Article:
No More Silva-Trevino – Evidence That Can and Cannot Be Considered In The “Crime Involving Moral Turpitude” Context
Last week, the Ninth Circuit in Olivas-Motta v. Holder overruled Matter of Silva-Trevino on the issue of whether immigration courts could look beyond the record of conviction when determining if a conviction is a crime involving moral turpitude (CIMT). In Silva-Trevino, the court held that the immigration judge could consider evidence that were not part of the record of conviction. Olivas-Motta rejected that argument and held that, even if an ambiguity exists about a crime, the immigration court can not go beyond the record of conviction to determine whether the crime is one “involving moral turpitude.” The court explained that although the phrase CIMT is ambiguous, it does not mean that outside evidence may be considered to determine if a conviction is in fact a CIMT. The Ninth Circuit also went on to explain that statute does not define “conviction” as criminal acts and that the “conviction,” not “conduct,” is all the courts may consider in evaluating whether a conviction is a CIMT.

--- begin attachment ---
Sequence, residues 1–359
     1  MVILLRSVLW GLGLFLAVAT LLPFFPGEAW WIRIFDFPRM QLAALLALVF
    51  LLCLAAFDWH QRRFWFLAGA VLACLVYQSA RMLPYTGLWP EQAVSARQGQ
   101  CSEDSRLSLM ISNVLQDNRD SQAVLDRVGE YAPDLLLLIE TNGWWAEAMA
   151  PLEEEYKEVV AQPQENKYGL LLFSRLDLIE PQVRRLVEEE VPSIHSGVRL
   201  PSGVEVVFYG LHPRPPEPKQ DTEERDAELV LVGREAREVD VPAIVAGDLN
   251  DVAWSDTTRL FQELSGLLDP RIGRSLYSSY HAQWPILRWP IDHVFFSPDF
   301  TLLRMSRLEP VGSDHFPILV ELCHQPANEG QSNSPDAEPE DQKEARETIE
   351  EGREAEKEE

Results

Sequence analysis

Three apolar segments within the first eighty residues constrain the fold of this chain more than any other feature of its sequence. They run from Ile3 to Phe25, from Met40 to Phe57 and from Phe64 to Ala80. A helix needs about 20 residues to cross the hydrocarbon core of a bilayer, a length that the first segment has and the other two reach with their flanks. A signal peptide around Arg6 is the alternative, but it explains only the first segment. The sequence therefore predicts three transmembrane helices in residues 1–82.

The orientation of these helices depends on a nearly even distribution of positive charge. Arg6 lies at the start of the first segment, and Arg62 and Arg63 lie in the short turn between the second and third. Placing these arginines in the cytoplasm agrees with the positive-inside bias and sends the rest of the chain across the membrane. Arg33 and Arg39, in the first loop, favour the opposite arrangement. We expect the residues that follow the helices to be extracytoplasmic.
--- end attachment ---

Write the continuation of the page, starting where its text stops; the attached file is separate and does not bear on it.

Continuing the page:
This ruling in the jurisdiction of the Ninth Circuit will impact thousands of removal cases. Immigration courts will no longer be allowed to review evidence outside of the record of conviction to determine if an immigrant has been convicted of a CIMT. Whether courts can consider evidence outside the record to determine if an immigrant is eligible for relief when the record of conviction is ambiguous is still unclear as the court did not expressly rule on this issue.
The Supreme Court and other courts have held that the reviewable record in a conviction by plea is limited to:
- Statutory definition of the offense, as interpreted by caselaw;
- Charging document, if there is proof that the charge was pled to;
- Written plea agreement;
- Transcript of plea colloquy; and
- Any explicit factual finding by the trial judge to which the defendant assented.